One of the most obscure footnotes to the recent American elections was the failure of little-known ballot initiative in Florida, which would have symbolically removed from the law books a currently inactive 1926 unconstitutional provision of the state constitution which was intended to prohibit Asians from owning land in the state. The 1926 prohibition is specifically directed at foreigners ineligible for citizenship, which at the time applied to Asians-who were at the time barred from naturalization by federal law.
The language before voters did not explain that the laws first appeared around 1913 during a public panic that Asian immigrants, mostly from Japan, would work on farms for less than Americans and buy up vast tracts of land. It failed to spell out that state provisions were intended to work hand-in-glove with discriminatory federal laws that prevented Asian-Americans from becoming naturalized citizens until 1952.
Rather the ballot simply asked voters if they were willing to delete “provisions authorizing the Legislature to regulate or prohibit the ownership, inheritance, disposition and possession of real property by aliens ineligible for citizenship.”
Steve Geller, a former state senator who worked to get the initiative on the ballot, said Florida election rules only allowed a description of 75 words, and required that the language of the old provision — “aliens ineligible for citizenship” — be included. As a result, he said, “a lot of people thought it had to do with illegal aliens, and it had nothing to do with illegal aliens.” (NYT)
Few traces remain in Florida of this brief and ill-fated wave of Japanese immigration, and the most prominent is likely the Morikami Museum and Japanese Gardens. It happens to be located very near to my grandparents’ house (like all Jews from Brooklyn, they eventually retired to Florida) and I went there with them a few years back. The garden is pretty nice, I suppose, although I actually got the impression that it is too big to replicate the feeling of an actual Japanese garden, the design philosophy of which is largely based on a fractal-like recreation of the large on a small scale. The significantly different vegetation of Florida also does not help. But the museum does have some neat exhibits (their temporary one the day I went was a pretty cool collection of Japanese kites, which based on my experience is a dead art form in Japan. I saw kites all over in China-does anyone fly them here?) and resources that could be of great interest to a Palm Beach County resident who wants to learn a bit more about Japanese culture. For me, of course, the most interesting thing was the history of the museum itself. And the iguanas.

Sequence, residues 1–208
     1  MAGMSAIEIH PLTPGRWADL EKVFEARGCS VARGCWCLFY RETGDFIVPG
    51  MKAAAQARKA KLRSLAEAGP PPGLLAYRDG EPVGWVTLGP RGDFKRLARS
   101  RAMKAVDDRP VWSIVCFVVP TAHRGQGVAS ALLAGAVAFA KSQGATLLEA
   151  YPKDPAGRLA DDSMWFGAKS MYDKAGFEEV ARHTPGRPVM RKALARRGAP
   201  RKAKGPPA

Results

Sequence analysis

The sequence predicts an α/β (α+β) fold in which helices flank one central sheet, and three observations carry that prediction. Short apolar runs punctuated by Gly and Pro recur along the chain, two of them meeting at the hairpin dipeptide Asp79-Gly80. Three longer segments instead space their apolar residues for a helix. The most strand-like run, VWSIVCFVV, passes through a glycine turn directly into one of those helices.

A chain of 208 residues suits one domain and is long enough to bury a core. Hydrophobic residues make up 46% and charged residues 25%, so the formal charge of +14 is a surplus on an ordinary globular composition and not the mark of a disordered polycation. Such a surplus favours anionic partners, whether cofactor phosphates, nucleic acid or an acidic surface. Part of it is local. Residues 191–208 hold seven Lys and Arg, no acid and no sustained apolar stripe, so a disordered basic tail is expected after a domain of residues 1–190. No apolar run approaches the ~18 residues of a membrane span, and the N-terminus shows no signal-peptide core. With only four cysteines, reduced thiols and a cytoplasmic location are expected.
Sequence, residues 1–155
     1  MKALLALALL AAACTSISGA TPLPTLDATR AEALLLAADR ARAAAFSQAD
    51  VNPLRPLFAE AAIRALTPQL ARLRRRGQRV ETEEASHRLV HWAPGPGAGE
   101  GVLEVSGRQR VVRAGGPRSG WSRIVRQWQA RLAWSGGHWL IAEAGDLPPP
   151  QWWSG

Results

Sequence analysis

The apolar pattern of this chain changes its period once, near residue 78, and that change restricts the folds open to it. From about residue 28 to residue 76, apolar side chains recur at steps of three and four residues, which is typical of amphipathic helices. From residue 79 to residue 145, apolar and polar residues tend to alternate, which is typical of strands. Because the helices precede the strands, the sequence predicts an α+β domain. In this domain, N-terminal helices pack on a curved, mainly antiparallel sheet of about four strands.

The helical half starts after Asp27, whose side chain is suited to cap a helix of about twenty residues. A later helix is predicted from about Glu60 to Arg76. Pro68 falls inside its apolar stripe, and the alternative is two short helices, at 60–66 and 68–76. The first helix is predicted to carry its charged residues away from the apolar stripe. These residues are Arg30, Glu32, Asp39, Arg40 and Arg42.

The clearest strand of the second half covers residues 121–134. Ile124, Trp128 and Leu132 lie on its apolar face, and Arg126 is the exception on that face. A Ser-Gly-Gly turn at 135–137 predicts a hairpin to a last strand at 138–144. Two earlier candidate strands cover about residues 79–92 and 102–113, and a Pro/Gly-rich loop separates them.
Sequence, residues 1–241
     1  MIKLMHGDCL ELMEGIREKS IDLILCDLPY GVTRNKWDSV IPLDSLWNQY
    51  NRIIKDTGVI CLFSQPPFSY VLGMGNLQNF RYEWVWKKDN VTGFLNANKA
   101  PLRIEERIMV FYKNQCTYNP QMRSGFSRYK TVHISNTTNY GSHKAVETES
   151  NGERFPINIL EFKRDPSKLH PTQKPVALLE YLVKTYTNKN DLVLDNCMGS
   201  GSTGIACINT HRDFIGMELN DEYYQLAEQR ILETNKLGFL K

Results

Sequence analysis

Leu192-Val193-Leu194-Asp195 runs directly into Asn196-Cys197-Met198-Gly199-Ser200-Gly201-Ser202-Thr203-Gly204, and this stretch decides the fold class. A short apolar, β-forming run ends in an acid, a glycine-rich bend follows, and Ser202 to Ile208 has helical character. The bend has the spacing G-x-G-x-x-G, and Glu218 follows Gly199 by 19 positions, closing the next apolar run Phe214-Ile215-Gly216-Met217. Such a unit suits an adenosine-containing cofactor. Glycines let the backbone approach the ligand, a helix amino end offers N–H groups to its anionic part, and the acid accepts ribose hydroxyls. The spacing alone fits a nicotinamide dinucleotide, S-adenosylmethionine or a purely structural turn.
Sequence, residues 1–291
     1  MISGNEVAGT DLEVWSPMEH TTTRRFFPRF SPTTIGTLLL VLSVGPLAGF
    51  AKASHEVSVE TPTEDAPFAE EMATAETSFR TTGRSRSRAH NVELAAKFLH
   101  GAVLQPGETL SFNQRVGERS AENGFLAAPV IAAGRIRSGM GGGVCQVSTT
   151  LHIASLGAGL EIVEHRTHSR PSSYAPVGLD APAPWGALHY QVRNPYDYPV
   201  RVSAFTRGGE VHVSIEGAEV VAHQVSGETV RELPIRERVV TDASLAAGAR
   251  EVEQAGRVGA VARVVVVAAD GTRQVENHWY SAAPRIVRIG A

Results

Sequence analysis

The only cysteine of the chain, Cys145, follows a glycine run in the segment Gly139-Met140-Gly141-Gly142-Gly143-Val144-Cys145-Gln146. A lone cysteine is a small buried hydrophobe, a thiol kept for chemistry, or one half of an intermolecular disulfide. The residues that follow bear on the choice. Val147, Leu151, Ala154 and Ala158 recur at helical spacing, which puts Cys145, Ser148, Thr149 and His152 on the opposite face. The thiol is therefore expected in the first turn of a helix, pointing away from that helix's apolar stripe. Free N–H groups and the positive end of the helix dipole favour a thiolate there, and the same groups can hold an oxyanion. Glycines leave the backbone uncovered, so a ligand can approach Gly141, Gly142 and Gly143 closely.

Their website has a tantalizing, but brief, history of the Japanese in Florida.
In 1904, Jo Sakai, a recent graduate of New York University, returned to his homeland of Miyazu, Japan, to organize a group of pioneering farmers and lead them to what is now northern Boca Raton. With the help of the Model Land Company, a subsidiary of Henry Flagler’s East Coast Railroad, they formed a farming colony they named Yamato, an ancient name for Japan.
Ultimately, the results of their crop experimentation were disappointing and the Yamato Colony fell far short of its goals. By the 1920s, the community, which had never grown beyond 30 to 35 individuals, finally surrendered its dream. One by one, the families left for other parts of the United States or returned to Japan.
One settler remained. His name was George Sukeji Morikami. A modest farmer, George continued to cultivate local crops and act as a fruit and vegetable wholesaler. In the mid-1970s, when George was in his 80s, he donated his land to Palm Beach County with the wish to preserve it as a park and to honor the memory of the Yamato Colony.
It is sad that a legally meaningless ballot resolution intended only as a posthumous apology to these poor immigrants was accidentally voted down by people who thought they were doing something to hurt current illegal immigrants, but one must admit that the resolution was very poorly worded.
8 thoughts on “Asian Immigrants in Florida”
Don’t be ridiculous, of course they still fly kites in Japan.
My grandparents, like yours, migrated to the area near the Morikami; both of my grandmothers volunteered there at one point or another. I became an expert too late to give them the pride of having their grandson show up and give a talk, or something like that, unfortunately.